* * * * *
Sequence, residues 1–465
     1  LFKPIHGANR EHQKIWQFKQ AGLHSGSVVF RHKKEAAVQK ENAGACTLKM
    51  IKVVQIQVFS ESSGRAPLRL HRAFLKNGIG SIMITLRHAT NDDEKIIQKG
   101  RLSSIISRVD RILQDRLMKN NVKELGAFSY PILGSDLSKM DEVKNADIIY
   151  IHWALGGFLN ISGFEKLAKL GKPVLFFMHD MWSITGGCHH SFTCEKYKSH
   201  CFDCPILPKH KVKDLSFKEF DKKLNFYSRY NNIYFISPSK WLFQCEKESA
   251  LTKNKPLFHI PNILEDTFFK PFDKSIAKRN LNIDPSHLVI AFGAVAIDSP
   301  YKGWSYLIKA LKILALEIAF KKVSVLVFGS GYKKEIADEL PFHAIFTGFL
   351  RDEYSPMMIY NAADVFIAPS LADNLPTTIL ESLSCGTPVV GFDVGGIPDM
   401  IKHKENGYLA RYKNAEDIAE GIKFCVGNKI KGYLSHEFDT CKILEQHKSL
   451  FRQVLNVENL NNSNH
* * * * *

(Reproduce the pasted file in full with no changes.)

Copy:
Sequence, residues 1–465
     1  LFKPIHGANR EHQKIWQFKQ AGLHSGSVVF RHKKEAAVQK ENAGACTLKM
    51  IKVVQIQVFS ESSGRAPLRL HRAFLKNGIG SIMITLRHAT NDDEKIIQKG
   101  RLSSIISRVD RILQDRLMKN NVKELGAFSY PILGSDLSKM DEVKNADIIY
   151  IHWALGGFLN ISGFEKLAKL GKPVLFFMHD MWSITGGCHH SFTCEKYKSH
   201  CFDCPILPKH KVKDLSFKEF DKKLNFYSRY NNIYFISPSK WLFQCEKESA
   251  LTKNKPLFHI PNILEDTFFK PFDKSIAKRN LNIDPSHLVI AFGAVAIDSP
   301  YKGWSYLIKA LKILALEIAF KKVSVLVFGS GYKKEIADEL PFHAIFTGFL
   351  RDEYSPMMIY NAADVFIAPS LADNLPTTIL ESLSCGTPVV GFDVGGIPDM
   401  IKHKENGYLA RYKNAEDIAE GIKFCVGNKI KGYLSHEFDT CKILEQHKSL
   451  FRQVLNVENL NNSNH